Mutual funds come in a number of different categories, which all vary according to the rates of return, risk factor involved as well as the period of time they take to mature. An index mutual fund is a category of investment that seeks to ensure stability of a specific financial market, regardless of the prevailing market condition, be they good or bad. They do so by tracking the performance of the securities in a particular investment.
To ease the tracking movement, there is a software that one can make use of. The software requires little human input and hence, there is minimal interference with the records. This means that index mutual funds therefore require no form of active management and can do well in passive management. This directly translates to lower management fees and lower taxes as well.
Index investments can be bought from many investment managers, some of which include Dow Jones Industrial Average, the Wishire 5000 and the FTSE 100. Other indexes have been personalized by some individual companies in order to be able to develop investment pricing systems. The indexes, whether personalized or captured in a software, should be guided by research which touches on dividends, earnings, book value and sales as well.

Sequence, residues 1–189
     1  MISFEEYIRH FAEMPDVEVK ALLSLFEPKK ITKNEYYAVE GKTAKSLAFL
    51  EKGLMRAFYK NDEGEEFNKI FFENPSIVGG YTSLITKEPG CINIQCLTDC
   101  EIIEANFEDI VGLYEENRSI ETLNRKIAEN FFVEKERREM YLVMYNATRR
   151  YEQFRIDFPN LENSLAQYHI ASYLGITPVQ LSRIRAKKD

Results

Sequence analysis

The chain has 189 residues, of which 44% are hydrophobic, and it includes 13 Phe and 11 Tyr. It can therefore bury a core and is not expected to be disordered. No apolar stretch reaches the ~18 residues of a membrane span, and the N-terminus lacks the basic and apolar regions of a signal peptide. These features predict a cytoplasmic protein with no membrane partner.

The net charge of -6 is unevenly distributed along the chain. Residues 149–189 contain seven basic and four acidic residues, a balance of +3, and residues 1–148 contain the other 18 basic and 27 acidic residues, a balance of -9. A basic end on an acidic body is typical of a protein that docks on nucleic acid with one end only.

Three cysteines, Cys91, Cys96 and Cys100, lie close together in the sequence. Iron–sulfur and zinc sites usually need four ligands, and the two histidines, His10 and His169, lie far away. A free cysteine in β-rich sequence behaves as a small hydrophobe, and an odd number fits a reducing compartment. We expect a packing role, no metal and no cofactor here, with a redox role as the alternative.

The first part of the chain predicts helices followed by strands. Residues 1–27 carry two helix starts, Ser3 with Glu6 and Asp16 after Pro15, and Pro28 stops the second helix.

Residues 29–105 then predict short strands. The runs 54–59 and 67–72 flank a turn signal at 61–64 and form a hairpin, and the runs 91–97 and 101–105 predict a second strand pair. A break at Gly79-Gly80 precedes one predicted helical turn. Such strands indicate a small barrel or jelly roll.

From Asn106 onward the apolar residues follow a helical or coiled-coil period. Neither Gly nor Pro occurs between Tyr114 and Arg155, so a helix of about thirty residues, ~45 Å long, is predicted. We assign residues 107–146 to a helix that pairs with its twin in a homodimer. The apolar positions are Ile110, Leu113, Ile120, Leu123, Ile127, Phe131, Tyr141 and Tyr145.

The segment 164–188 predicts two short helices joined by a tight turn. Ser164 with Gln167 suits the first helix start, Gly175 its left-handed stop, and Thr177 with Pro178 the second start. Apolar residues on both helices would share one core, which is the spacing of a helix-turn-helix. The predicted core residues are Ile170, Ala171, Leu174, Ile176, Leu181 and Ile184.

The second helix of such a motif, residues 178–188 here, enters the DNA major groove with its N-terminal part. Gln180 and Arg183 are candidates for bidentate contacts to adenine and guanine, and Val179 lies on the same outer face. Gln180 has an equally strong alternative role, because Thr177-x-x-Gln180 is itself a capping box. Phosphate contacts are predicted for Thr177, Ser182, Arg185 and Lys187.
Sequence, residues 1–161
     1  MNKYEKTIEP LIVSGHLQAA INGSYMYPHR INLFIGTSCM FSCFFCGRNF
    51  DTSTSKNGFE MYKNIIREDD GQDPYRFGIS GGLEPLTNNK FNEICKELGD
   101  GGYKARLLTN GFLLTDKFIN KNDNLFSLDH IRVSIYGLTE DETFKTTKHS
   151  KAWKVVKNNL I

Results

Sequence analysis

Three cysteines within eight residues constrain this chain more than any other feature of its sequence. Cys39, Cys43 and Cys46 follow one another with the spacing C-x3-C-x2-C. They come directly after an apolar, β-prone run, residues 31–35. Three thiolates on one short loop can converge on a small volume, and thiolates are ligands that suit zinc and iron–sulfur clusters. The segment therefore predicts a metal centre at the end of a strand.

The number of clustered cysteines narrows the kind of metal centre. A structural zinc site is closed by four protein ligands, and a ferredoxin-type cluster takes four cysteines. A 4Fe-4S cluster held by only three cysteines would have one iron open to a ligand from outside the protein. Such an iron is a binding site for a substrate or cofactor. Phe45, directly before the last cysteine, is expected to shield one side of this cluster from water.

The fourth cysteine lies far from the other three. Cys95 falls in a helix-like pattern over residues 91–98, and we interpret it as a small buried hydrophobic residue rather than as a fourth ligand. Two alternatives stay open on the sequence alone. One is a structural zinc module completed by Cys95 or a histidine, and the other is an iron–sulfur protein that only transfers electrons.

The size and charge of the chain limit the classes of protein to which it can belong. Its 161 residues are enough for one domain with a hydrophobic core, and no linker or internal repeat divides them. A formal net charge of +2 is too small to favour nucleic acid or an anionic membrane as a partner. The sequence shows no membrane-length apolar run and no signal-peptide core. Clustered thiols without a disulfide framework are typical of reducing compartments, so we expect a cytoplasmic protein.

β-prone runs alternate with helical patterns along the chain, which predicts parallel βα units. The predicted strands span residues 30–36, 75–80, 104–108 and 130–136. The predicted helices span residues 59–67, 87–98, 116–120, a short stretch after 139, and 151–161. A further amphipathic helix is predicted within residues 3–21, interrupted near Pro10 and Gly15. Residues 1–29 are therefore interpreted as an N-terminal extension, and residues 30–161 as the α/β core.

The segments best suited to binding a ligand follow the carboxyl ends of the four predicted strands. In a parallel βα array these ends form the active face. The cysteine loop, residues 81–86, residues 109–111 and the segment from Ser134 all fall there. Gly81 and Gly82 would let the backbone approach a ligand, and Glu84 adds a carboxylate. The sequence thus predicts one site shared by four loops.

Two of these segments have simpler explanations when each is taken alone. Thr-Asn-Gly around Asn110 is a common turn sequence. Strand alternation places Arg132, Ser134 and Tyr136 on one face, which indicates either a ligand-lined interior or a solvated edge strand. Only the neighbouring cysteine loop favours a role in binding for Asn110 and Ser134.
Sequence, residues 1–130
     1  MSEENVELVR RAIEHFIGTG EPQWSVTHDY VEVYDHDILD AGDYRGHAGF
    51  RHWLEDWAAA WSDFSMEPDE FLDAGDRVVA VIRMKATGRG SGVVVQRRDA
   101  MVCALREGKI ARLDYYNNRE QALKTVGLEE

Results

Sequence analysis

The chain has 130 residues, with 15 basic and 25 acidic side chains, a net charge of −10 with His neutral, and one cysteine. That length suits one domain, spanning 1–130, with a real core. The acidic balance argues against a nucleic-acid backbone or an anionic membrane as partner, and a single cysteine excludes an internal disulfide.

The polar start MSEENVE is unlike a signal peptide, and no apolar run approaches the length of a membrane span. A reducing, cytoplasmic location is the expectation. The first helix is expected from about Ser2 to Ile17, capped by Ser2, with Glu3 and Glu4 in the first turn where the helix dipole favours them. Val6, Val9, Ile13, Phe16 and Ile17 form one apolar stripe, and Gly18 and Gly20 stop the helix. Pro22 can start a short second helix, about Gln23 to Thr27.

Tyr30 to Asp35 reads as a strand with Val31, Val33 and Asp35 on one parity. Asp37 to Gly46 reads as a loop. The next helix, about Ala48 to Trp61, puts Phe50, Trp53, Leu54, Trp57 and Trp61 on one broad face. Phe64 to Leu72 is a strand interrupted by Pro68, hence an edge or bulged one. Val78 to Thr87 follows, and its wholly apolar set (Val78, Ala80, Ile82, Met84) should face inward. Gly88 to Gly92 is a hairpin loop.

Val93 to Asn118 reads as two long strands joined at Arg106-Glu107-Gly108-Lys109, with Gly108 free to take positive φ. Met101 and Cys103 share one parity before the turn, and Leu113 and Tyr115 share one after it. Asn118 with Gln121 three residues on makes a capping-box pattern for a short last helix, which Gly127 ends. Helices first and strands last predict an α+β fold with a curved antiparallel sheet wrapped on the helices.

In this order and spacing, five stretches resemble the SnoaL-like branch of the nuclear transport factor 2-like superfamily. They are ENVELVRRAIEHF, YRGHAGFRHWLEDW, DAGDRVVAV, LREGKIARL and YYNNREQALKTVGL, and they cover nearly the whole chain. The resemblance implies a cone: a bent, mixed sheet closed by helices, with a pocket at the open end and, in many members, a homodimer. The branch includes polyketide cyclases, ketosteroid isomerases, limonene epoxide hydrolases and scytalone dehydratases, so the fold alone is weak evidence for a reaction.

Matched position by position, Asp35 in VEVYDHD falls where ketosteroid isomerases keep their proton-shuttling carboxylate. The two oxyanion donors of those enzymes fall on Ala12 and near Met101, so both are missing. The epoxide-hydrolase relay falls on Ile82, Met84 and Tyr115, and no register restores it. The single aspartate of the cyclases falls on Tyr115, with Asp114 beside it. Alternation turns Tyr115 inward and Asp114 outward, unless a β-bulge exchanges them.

There are many methods of creating indexes and one should be aware of the different methods, in case they would want to understand the differences in the methods. One of them is the traditional indexing which is the practice of owning a collection of securities in the same ratios as the target index. The synthetic indexing is the use of a combination of equity and low risk bonds. The combination is meant to replicate the performance of a similar investment.